Abella of Salerno, Abigail Adams, Abigail, Adela of Blois, Adela Zambudia-Ribero (sic), Adelaide Labille-Guiard, Adelaide of Susa, Adelperga, Adelheid Popp, Aemilia, Æthelburg of Kent, Aethelflaed, Agatha, Ageltrude Benevento, Aglaonice, Agnes of Bohemia, Agnes of Poitou, Agnes Smedley, Agnes Waterhouse, Agnodice, Aisha, Ajysyt, Albertine Necker de Saussure, Alexandra Kollontai, Alessandra Giliani, Aletta Jacobs, Alexandra of Jerusalem, Alexandra van Grippenberg, Alfonsina Storni, Alice Paul, Alice Pike Barney, Alice Samuel, Alice Stone Blackwell, Aliénor de Poitiers, Alison Rutherford, Almucs De Castelnau (sic), Aloara, Althea Gibson, Alukah, Amat-Mamu, Amelia Earhart, Amelia Villa, Amy Beach, Amyte, Ana Betancourt, Anacaona, Anahita, Anaïs Nin, Anasandra (sic), Anastasia (in the Christine de Pisan group), Anastasia (in the Marcella group), Anath, Andres Villareal (sic), Angela Merici, Angelberga, Angéle de la Barthe, Angelica Balbanoff, Angelica Kauffmann, Angelina Grimké, Angelique de Coudray, Ann Lee, Anna Comnena, Anna Dalassena Comnena, Anna Karsch, Anna Manzolini, Anna Pavlova, Anna Schabanoff (sic), Anna Sophia, Anna, Anne Askew, Anne Bacon, Anne Baynard, Anne Bonney, Anne Bradstreet, Anne Clough, Anne Dacier, Anne Ella Carroll, Anne Halkett, Anne of Beaujeu, Anne of Brittany, Anne Redfearne, Annie Jump Cannon, Annie Kenney, Annie Smith Peck, Annie Wood Besant, Antigone, Antiope, Antonia Bembo, Antonia Brico, Aphra Behn, Aphrodite, Arachne, Aretaphilia of Cyrene, Arete of Cyrene, Ariadne, Arianhrod, Arinitti, Aristoclea, Arsinoe II, Artemis, Artemisia I, Artemisia II, Aruru, Asherah, Ashtoreth, Aspasia of Athens, Astarte, Atalanta, Athaliah, Athanarsa (sic), Athene, Atira, Augusta Fickert, Augusta Savage, Augusta Schmidt, Augustina Saragossa, Awashonks, Axiothea, Baba Petkova, Babe Didrikson, Balthilde, Baptista Malatesta, Baranamtarra, Barbara Bodichon, Barbara Hepworth, Barbara Strozzi, Barbara, Barbe De Verrue, Baroness de Beausaleil, Baroness of Adlersparre, Basilea, Basine, Bathsua Makin, Baudonivia, Beatrice de Die, Beatrice Webb, Beatrix Galindo, Begga, Bel-Shalti-Narrar, Belva Lockwood, Berenguela, Bernarda de la Cerda, Bertha Lutz, Bertha of England, Bertha of Sulzbach, Bertha von Suttner, Bertha, Berthe Morisot, Berthildis, Bertille (sic), Beruriah, Bessie Smith, Betsy Kjelsberg (sic), Bettina von Arnim, Bettisia Gozzadini, Birgitta, Blanche of Castile, Blandina, Blodeuwedd, Bona Dea, Bourgot, Bridget Bevan, Brigh Brigaid, Brigid, Britomartis, Brunhilde, Brynhild, Buto, Cambra, Camilla, Candelaria Figueredo, Capillana, Carcas, Cardea, Carlota Matienzo, Carlotta Ferrari, Carmenta, Caroline Schlegel, Carrie Chapman Catt, Cartismandua, Cassandra Fidelis, Cassandra, Caterina Van Hemessen, Catherine Adorni (sic), Catherine de Rambouillet, Catherine Deshayes, Catherine Fisher, Catherine Greene, Catherine II, Catherine of Aragon, Catherine of Siena, Catherine Pavlovna, Catherine, Celia Fiennes, Cerridwen, Charitas Pirckheimer, Charlotte Brontë, Charlotte Corday, Charlotte Guest, Charlotte Perkins Gilman, Chicomecoatl, Chiomara, Christabel Pankhurst, Christina of Sweden, Christina Rossetti, Circe, Clara Schumann, Clara Zetkin, Clare of Assisi, Claricia, Claudine de Tencin, Clemence Royer, Cleobuline, Cleopatra, Clodia, Clotilda, Clytemnestra, Coatlicue, Cobhlair Mor, Colette, Constance Lytton, Constantia, Cordelia Gracchi, Corinna of Tanagro, Cresilla, Cristina Trivulzio, Cunegund, Cybele, Cynane, Cynisca, Damelis, Damo, Danu, Daphne, Deborah Sampson, Deborah, Demeter, Dervorguilla, Dhuoda, Dido, Diemud, Diotima, Djuna Barnes, Dolores Ibarruri, Dorcas, Doris Lessing, Dorotea Bucca, Dorothea Dix, Dorothea Lange, Dorothea Leporin-Erxleben, Dorothea von Rodde, Dorothy Richardson, Dorothy Wordsworth, Douceline, Eachtach, Eadburga, Eanswith, Ebba, Edith Cavell, Edith Evans, Edith Sitwell, Edith Wharton, Edith, Edmonia Lewis, Edna St. Vincent Millay, Egee, Ehyophsta, Eileen Gray, Eleanor Butler, Eleanor Duse, Elfrida Andrée, Elin Kallio, Eliska Krasnohorska, Eliza Lucas Pinckney, Elizabeth Anderson, Elizabeth Barrett Browning, Elizabeth Bekker, Elizabeth Carter, Elizabeth Cheron, Elizabeth Danviers (sic), Elizabeth de la Guerre, Elizabeth Druzbacka (sic), Elizabeth Farren, Elizabeth Fry, Elizabeth Gurley Flynn, Elizabeth Hamilton, Elizabeth Hoby, Elizabeth Lucar, Elizabeth Montagu, Elizabeth of Schonau, Elizabeth Petrovna, Elizabeth Southern, Elizabeth Talbot, Elizabeth Vesey, Elizabeth Vigeé-Lebrun, Elizabeth, Elizabetta Gonzaga, Elizabette Sirani, Ellen Richards, Elpinice, Emilia Pardo-Bazán, Emilie du Chatelet, Emilie Snethlage, Emily Brontë, Emily Carr, Emily Carr, Emily Faithful, Emma Goldman, Emma Paterson, Emmeline Pankhurst, Emmeline Pethick-Lawrence, Encheduanna, Ende, Engleberga, Epicharis, Ereshkigal, Erinna, Esther, Ethelberga, Etheldreda, Ethylwyn, Eudocia, Eudoxia, Eugenia, Europa, Eurpyle, Euryleon (sic), Eurynome, Eustochium, Eve, Fabiola, Failge, Fanny Burney, Faustina Bordoni, Fede Galizia, Federica Montseny, Fibors (sic), Florence Nightingale, Fortuna, Frances Brooke, Frances Harper, Frances Perkins, Frances Power Cobbe, Frances Wright, Francesca Caccini, Francesca of Salerno, Francoise de Maintenon, Frau Cramer, Fredegund, Frederika Bremer, Freya, Frida Kahlo, Frija, Gabriela Mistral, Gabriele Münter, Gabrielle Petit, Gaea, Gaspara Stampa, Gebjon, Genevieve D'Arconville, Genevieve, George Eliot, George Sand, Germaine de Staël, Gertrude Kasebier, Gertrude of Nivelles, Gertrude Stein, Gertrude Svensen, Gisela, Glueckel von Hameln, Golda Meir, Gormlaith, Grace O'Malley, Gracia Mendesa, Guda, Guillemine, Gunda Beeg, Hannah Adams, Hannah Arendt, Hannah Crocker, Hannah Hoch, Hannah More, Hannah Senesh, Hannah Woolley, Hannahanna, Hardlind, Harriet Beecher Stowe, Harriet Hosmer, Harriet Martineau, Harriet Tubman, Hashop, Hasta Hansteen, Hathor, Hawisa, Hecate, Hecuba, Hedwig Nordenflycht, Hedwig, Hel, Helen Blavatsky, Helen Cornaro, Helen Diner, Helen Keller, Helena, Helene Kottauer, Heloise, Henrietta Johnston, Henrietta Szold, Hera, Hermine Veres, Herrad of Lansberg, Hersend, Hersilia, Hester Stanhope, Hestiaea, Hiera, Hipparchia, Hippo, Hippolyte, Honorata Rodiana, Hortense Lepaut (sic), Hortensia von Moos, Hortensia, Huldah, Hygeburg, Ida B. Wells, Ida Kaminska, Ida Pfieffer, Ilmatar, Iltani, Inanna, Inesse Armand, Ingrida, Irene Joliot-Curie, Irene, Irkalla, Isabel de Guevara, Isabel of France, Isabel Pinochet, Isabela Czartoryska, Isabella Andreini, Isabella Bishop, Isabella de Joya Roseres, Isabella Losa, Isadora Duncan, Isak Dinesen, Isis, Isotta Nogarola, Jacobe Felicie, Jadwiga, Jane Austen, Jane Harrison, Jane of Sutherland, Jane Weston, Jeanne Campan, Jeanne D'Albret, Jeanne de Montfort, Jeanne de Pompodour, Jeanne Dumeè, Jeanne Louis Farrenc, Jeanne Mance, Jeanne Manon Roland, Jeanne Marie Guyon, Jeanne of Navarre, Jeanne Recamier, Jeannette Rankin, Jezebel, Joan of Arc, Joanna Koerton, Joanna, Joanne Baillie, Josefa Amar, Josefa de Dominguez, Josephine Baker, Josephine Kablick, Juana Inés de la Cruz, Judith Leyster, Judith Murray, Julia Cameron, Julia Domna, Julia Maesa, Julia Mamaea, Julia Morgan, Julie de Lespinasse, Juno, Justine Dietrich, Jutta, Kaahumanu, Kallirhoe Parren, Karen Horney, Karoline Pichler, Kate Campbell Hurd-Mead, Katharine Hepburn, Käthe Kollwitz, Kathe Schirmacher, Katherine Bethlen (sic), Katherine Sheppard, Katti Moeler, Khuwyt, Kora, Kore, Kubaba, La Malinche, Lady Beatrix, Lady Uallach, Lalla, Lamia, Lampedo, Las Huelgas, Laura Ammanati, Laura Bassi, Laura Cereta, Laura Torres, Lavinia Fontana, Laya, Leah, Leela of Granada, Leonor D'Almeida, Leonora Baroni, Leontium, Leoparda, Levina Teerling, Liadain, Libana, Lili Boulanger, Lilith, Lilliard, Lioba, Lioba, Loretta, Lorraine Hansberry, Lou Andreas Salomé, Louise Labé, Louise le Gras, Louise Michel, Louise Nevelson, Louyse Bourgeois, Lucretia Marinelli, Lucretia, Lucrezia Tournabuoni, Lucy, Luisa de Carvajal, Luisa Roldain, Luise Gottsched, Luise Otto-Peter, Luiza Todi, Lydia, Lysistrata, Maacah, Mabel, Macha of the Red Tresses, Macha, Macrina, Madame A. Milliat, Maddalena Buonsignori, Madderakka, Madeleine de Sable, Madeleine de Scudéry, Magda Portal, Mahaut of Artois, Makeda, Manto, Marcellina, Margaret (Eleanor of Aquitaine group), Margaret Beaufort, Margaret Brent, Margaret Cavendish, Margaret Fell Fox, Margaret Fuller, Margaret Mead, Margaret Murray Washington, Margaret Murray, Margaret O'Connor, Margaret of Austria, Margaret of Desmond (sic), Margaret of Navarre, Margaret of Scandinavia, Margaret Paston, Margaret Philipse, Margaret Roper, Margarete Forchhammer, Margarethe Dessoff, Margery Jourdemain, Marguerite Gerard, Marguerite of Bourgogne, Marguerite-Antoinette Couperin, Marguerite-Louise Couperin, Maria Agnesi, Maria Alphaizuli, Maria Antonia Walpurgis of Bavaria, Maria Bartola, Maria Cunitz, Maria de Abarca, Maria de Agreda, Maria de Coste Blanche, Maria de Ventadorn, Maria del Refugio Garcia, Maria Edgeworth, Maria Kirch, Maria Luisa Sanchez, Maria Mitchell, Maria Montessori, Maria Montoya Martinez, Maria Sibylla Merian, Maria Stewart, Maria Theresa, Maria Theresia von Paradis, Maria-Christine de Lalaing, Marian Anderson, Marianna Alcoforado, Marianne Beth, Marie Bashkirtsev, Marie Bovin, Marie Champmeslé, Marie Colinet, Marie Curie, Marie de France, Marie de Lafayette, Marie de l'Incarnation, Marie de Medici, Marie de Miramion, Marie de Sévigné, Marie du Deffand, Marie Duges, Marie Durocher, Marie Geoffrin, Marie Heim-Vögtlin, Marie Iowa (sic), Marie la Chapelle, Marie Laurencin, Marie le Jars de Gournay, Marie of Champagne, Marie Popelin, Marie Sallé, Marie Stopes, Marie Tussaud, Marie Venier, Martesia, Martha Baretskaya, Martha Graham, Martha Mears, Martha of Bethany, Martia Proba, Mary "Mother" Jones, Mary Alexander, Mary Ann Shad Cary, Mary Astell, Mary Baker Eddy, Mary Bonaventure, Mary Cassatt, Mary Church Terrell, Mary Dyer, Mary Esther Karding, Mary Goddard, Mary Hays, Mary Lamb, Mary Lavoisier, Mary Lee, Mary Livermore, Mary Lou Williams, Mary Louise McLaughlin, Mary Manley, Mary McLeod Bethune, Mary Monckton, Mary Mueller, Mary of Bethany, Mary of Hungary, Mary Radcliffe, Mary Read, Mary Shelley, Mary Sidney, Mary Somerville, Mary Wortley Montague, Maryann, Mata Hari, Mathilda, Mathilde of Tuscany, Matilda of Flanders, Matilda, Maude, Maximilla, Maya Deren, Maeve, Mechthild of Hackeborn, Medusa, Megalostrata, Melisande, Mentuhetop, Mercy Otis Warren, Metrodora, Milla Granson, Millicent Fawcett, Minna Canth, Minna Cauer, Miranda Stuart, Miriam, Modesta Pozzo, Moero of Byzantium, Molly Pitcher, Morrigan, Mother Hutton, Mrs. Cellier, Muirgel, Myrine, Myrtis of Anthedon, Nadezhda Krupskaya, Nadia Boulanger, Nammu, Nancy Ward, Nanno, Naomi, Naqi'a, Natalia Goncharova, Nathalie Zand, Nefertiti, Neith, Nell Gwyn, Nelly Sachs, Neobule, Nephthys, Nerthus, Nicaula, Nicobule, Ninhursaga, Ninon de L'Enclos, Ninti, Nitocris, Nofret, Nossis, Novella D'Andrea, Nut, Octavia, Odilla, Ojelia Uribe de Acosta, Olga, Oliva Sabuco, Olive Schreiner, Olympe de Gouges, Olympia Morata, Olympias, Omeciuatl, Orinthya, Pamphile, Pandora, Pasiphae, Paula Modersohn-Becker, Paula, Penelope Barker, Penette de Guillet, Penthelia, Penthesilia, Perictyone, Phantasia, Phile, Philippa of Hainault, Phillipe Auguste, Phillis Wheatley, Philotis, Phoebe, Pierrone, Plotina, Pocahontas, Porcia, Praxagora, Praxilla, Priscilla, Properzia de Rossi, Prudence Crandall, Puduchepa, Pulcheria, Pythia, Python, Rachel (Trotula group), Rachel Katznelson, Rachel Ruysch, Rachel Varnhagen, Radclyffe Hall, Radegund, Rahonem, Rebecca Lee, Rebecca West, Rebekah, Reinhild, Renee Vivien, Renier Michiel, Rhea, Rhiannon, Romaine Brooks, Rosa Bonheur, Rosa Chouteau, Rosa Luxemburg, Rosalba Carriera, Rosalia of Palermo, Rose de Burford, Rose Mooney, Ruth Benedict, Ruth, Saaredra Villanueva, Sabina Von Steinbach, Salomée Halpir, Salpe, Sarah Bernhardt, Sarah Grimke, Sarah Churchill, Duchess of Marlborough, Sarah of St. Gilles, Sarah Peale, Sarah Ponsonby, Sarah Siddons, Sarah, Scholastica, Selin Hastings, Selma Lagerlof, Semiramis, Shalom, Shibtu, Shub-Ad of Ur, Sigrid Undset, Simone de Beauvoir, Simone Weil, Siva, Sobeya, Sofia Kovalevskaya, Sofia Perovskaya, Sonia Delaunay, Sonja Henie, Sophia Heath, Sophia of Mechlenberg, Sophie Blanchard, Sophie de Condorcet, Sophie Germain, Sophie Taeuber-Arp, Sophonisba Anguisciola (sic), Stephanie de Genlis, Stephanie De Montaneis, Sulpicia, Susan la Flesche Piccotte, Susanna Lorantffy, Susanna Rowson, Susanna Wesley, Suzanne Langer, Suzanne Necker, Suzanne Valadon, Sylvia Pankhurst, Sylvia Plath, Tanaquil, Tanith, Tarquinia Molza, Tefnut, Telesilla, Teresa de Cartagena, Teresa Villareal, Tetisheri, Thalestris, The Norns, The Valkyries, Theano, Thecla, Theoclea, Theodelinda, Theodora II, Theodora III, Theodora the Senatrix, Teresa of Avila, Théroigne de Mericourt, Thoma, Tiamat, Timarete, Tituba, Tiy, Tomyris, Tuchulcha, Tullia d'Aragona, Urraca, Ursley Kempe, Valada (sic), Vashti, Veleda, Vera Figner, Vera Zasulich, Veronica Gambara, Vesta, Victoria Woodhull, Violante, Virgin Mary, Virginia, Vita Sackville West, Vittoria Colonna, Walpurgis, Wanda Landowska, Wanda, Wetamoo, Willa Cather, Xochitl, Yekaterina Breshkovskaya, Yekaterina Dashkova, Yvette of Huy, Zenobia, Zipporah, Zoé, Zora Neale Hurston.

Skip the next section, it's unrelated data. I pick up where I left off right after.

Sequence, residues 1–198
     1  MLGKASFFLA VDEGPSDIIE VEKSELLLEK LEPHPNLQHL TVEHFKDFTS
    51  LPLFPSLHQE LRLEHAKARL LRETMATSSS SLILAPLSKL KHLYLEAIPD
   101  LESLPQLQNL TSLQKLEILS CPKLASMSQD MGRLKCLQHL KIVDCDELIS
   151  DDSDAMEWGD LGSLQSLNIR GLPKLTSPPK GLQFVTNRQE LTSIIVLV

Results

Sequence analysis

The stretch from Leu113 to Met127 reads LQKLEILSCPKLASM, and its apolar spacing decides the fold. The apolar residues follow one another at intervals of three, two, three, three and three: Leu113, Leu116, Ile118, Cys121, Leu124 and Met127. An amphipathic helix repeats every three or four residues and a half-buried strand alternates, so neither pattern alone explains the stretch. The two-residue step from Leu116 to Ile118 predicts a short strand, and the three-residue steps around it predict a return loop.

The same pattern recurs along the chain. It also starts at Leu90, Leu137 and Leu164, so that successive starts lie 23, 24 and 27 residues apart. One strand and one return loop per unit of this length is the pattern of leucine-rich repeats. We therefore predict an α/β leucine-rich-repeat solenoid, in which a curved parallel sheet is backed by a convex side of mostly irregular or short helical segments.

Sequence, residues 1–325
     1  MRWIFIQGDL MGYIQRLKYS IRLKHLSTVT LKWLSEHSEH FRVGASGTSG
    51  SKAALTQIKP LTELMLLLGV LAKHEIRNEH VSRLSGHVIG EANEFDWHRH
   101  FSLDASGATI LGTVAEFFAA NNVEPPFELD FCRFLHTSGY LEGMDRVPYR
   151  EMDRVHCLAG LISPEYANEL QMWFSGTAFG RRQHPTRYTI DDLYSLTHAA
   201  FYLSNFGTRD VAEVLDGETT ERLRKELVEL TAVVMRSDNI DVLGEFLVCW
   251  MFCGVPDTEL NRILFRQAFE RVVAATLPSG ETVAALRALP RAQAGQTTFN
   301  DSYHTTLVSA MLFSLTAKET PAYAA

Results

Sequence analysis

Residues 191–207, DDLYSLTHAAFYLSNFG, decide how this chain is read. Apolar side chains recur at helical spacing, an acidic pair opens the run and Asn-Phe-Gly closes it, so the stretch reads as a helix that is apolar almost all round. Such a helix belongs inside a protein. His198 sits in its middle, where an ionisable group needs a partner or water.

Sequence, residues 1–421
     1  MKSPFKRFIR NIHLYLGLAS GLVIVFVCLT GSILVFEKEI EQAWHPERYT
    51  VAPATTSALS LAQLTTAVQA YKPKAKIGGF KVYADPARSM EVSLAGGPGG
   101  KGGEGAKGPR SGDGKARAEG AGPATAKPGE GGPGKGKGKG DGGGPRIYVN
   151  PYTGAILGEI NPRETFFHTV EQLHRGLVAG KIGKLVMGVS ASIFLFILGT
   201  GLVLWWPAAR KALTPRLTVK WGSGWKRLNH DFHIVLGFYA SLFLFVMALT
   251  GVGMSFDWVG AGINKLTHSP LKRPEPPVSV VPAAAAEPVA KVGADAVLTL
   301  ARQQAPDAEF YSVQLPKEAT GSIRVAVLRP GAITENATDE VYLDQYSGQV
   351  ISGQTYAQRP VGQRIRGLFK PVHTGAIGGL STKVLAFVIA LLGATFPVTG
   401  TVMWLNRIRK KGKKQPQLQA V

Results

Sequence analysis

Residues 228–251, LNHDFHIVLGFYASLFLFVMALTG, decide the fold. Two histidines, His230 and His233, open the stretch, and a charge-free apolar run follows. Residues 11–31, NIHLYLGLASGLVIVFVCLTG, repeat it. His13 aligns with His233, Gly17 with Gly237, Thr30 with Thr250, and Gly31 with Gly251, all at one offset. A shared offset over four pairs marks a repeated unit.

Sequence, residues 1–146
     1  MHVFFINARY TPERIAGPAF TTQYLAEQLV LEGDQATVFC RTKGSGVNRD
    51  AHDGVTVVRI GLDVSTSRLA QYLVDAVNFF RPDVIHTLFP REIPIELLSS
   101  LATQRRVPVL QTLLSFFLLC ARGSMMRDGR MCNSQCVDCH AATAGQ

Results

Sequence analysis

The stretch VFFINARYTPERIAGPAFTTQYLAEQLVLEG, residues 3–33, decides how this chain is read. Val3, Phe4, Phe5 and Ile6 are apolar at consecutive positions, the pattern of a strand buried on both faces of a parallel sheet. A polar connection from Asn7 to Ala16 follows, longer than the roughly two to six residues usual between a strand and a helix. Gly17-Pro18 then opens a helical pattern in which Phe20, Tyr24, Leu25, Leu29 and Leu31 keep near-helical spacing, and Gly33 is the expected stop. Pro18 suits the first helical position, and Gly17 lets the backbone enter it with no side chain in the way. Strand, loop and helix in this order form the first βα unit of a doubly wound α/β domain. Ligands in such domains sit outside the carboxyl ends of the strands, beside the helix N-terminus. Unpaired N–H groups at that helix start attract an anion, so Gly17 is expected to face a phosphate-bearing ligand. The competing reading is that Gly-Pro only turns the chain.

References

  • Chicago, Judy, The Dinner Party, Penguin, revised edition 1996, ISBN 0-14-024437-9
  • Brooklyn Museum :The Elizabeth A. Sackler Center for Feminist Art, The Dinner Party. (includes a searchable database of all 1039 women represented in the piece) Accessed July 2007
  • The Dinner Party by Judy Chicago - 39 Guests and the 999 Women of Achievement at Manatee Community College, Florida. Accessed May 2007
  • Gallery of The Dinner Party images at throughtheflower.org. Accessed July 2007
  • Presenting Judy Chicago's The Dinner Party -Famous Female Activists & Artists, Penny L. Hankins, Department of English, Illinois State University. Accessed July 2007
  1. ^ a b c d e f Lippard, Lucy. "Judy Chicago's Dinner Party." Art in America 68 (April 1980): 114-126.
  2. ^ a b Koplos, Janet. "‘The Dinner Party’ Revisited." Art in America 91.5 (May 2003): 75-77.
  3. ^ Caldwell, Susan H. "Experiencing The Dinner Party." Woman's Art Journal 1.2 (Autumn 1980-Winter 1981): 35-37.
  4. ^ a b c d Kramer, Hilton. "Art: Judy Chicago's Dinner Party Comes to Brooklyn Museum." The New York Times. October 17, 1980.
  5. ^ a b c Mullarkey, Maureen. "The Dinner Party is a Church Supper: Judy Chicago at the Brooklyn Museum." Commonweal Foundation, 1981.
  6. ^ Smith, Roberta. "Art Review: For a Paean to Heroic Women, a Place at History's Table." New York Times. September 20, 2002.
  7. ^ a b c d e f Jones, Amelia. "The ‘Sexual Politics’ of The Dinner Party: A Critical Context." Reclaiming Female Agency. Eds. Norma Broude and Mary D. Garrard. Berkeley: University of California Press, 2005. 409-433.
  8. ^ Michael Landy: modern art is rubbish…, Hermione Hoby, The Observer, Sunday 17 January 2010
  9. ^ a b c d Lippard, Lucy R. "Uninvited Guests: How Washington Lost ‘The Dinner Party.’" Art in America 79 (Dec 1991): 39-49.

External links

See also